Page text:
Copyright 2016 NPR. To see more, visit

Copyright 2016 NPR. To see more, visit

Copyright 2016 NPR. To see more, visit

Copyright 2016 NPR. To see more, visit

Arizona Hispanics Poised To Swing State Blue

1 hour ago
Copyright 2016 NPR. To see more, visit

Copyright 2016 NPR. To see more, visit

Editor's note: This report contains accounts of rape, violence and other disturbing events.

Sex trafficking wasn't a major concern in the early 1980s, when Beth Jacobs was a teenager. If you were a prostitute, the thinking went, it was your choice.

Jacobs thought that too, right up until she came to, on the lot of a dark truck stop one night. She says she had asked a friendly-seeming man for a ride home that afternoon.

The Boston Citgo sign, all 3,600 square LED feet of which has served as the backdrop to Red Sox games since 1965, is now officially a "pending landmark."

Spanish Surrealist Salvador Dalí spent much of the 1940s in the U.S., avoiding World War II and its aftermath. He was a well-known fixture on the art scene in Monterey, Calif. — and that's where the largest collection of Dalí's work on the West Coast is now open to the public.

Copyright 2016 Fresh Air. To see more, visit Fresh Air.


Fake Tweet Causes Financial Markets To Drop

Apr 24, 2013
Originally published on April 24, 2013 7:20 am


DAVID GREENE, BYLINE: Hackers got into the Associated Press's Twitter account yesterday and sent out a fake tweet saying that the White House had been attacked. Though the tweet was discredited very quickly, it created a swift and panicked reaction on the stock market.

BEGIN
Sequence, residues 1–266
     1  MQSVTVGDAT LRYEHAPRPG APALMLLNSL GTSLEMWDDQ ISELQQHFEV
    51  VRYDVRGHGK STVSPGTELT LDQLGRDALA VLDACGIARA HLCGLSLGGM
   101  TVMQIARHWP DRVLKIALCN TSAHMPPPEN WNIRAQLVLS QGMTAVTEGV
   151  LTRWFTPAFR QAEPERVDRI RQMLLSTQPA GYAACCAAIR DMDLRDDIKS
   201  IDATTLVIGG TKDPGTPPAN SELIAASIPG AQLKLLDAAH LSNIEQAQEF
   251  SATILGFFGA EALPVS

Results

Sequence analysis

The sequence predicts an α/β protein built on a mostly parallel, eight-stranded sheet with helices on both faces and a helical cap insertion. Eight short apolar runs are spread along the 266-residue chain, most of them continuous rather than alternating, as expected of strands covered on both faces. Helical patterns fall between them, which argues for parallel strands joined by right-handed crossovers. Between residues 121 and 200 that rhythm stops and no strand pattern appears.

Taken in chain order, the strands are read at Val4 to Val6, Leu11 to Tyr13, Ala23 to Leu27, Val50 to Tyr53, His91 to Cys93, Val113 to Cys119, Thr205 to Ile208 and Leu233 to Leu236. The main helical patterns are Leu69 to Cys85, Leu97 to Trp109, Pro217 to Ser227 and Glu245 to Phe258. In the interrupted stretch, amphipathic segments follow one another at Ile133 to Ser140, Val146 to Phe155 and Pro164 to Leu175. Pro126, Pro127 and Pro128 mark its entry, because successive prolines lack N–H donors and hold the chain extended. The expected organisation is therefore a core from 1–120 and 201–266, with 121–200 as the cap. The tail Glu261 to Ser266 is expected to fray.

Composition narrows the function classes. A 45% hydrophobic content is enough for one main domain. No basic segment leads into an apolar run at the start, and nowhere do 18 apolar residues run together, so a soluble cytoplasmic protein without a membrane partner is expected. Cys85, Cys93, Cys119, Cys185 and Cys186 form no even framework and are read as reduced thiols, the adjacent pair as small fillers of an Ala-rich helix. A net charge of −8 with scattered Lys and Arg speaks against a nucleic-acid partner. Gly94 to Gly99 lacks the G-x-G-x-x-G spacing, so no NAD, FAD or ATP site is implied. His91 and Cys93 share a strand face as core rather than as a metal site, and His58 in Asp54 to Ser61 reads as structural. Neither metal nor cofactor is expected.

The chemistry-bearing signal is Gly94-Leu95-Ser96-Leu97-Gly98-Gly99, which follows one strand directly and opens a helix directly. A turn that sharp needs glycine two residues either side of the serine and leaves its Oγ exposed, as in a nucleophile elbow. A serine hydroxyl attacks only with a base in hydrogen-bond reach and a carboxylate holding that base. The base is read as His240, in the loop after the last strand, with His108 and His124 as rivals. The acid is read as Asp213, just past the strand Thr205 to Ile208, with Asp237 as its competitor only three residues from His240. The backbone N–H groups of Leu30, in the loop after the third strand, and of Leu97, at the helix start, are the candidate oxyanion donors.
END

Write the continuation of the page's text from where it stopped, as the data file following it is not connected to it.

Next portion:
Here's NPR's Jim Zarroli.

JIM ZARROLI, BYLINE: The tweet said that a pair of bombs had gone off in the White House and President Obama was injured. Almost instantaneously, the Dow Jones Industrial Average fell 125 points.

Joe Saluzzi of Themis Trading says the dizzying speed with which stocks fell was almost certainly because of widely used high-speed computer trading programs.

JOE SALUZZI: Nowadays, machines or computers can read news. So there's something called machine readable news which is sold to the highest bidder and there are many companies out there doing it, where they sell feeds and the machines read 'em and automatically trade off the news.

ZARROLI: The incident was over almost as soon as it began. Stock prices rebounded and finished the day higher. But Saluzzi, a longtime critic of high speed trading, says the plunge underscores how vulnerable the markets are to this kind of computer program.

SALUZZI: To us, it's just another symptom of a market which has been broken for years.

ZARROLI: Saluzzi says yesterday's incident calls to mind the infamous "flash crash" of May 2010, when the Dow dropped by 9 percent in the space of a few minutes before rebounding. A report from federal regulators later said the crash had been aggravated by high-speed trading programs.

Jim Zarroli, NPR News, New York. Transcript provided by NPR, Copyright NPR.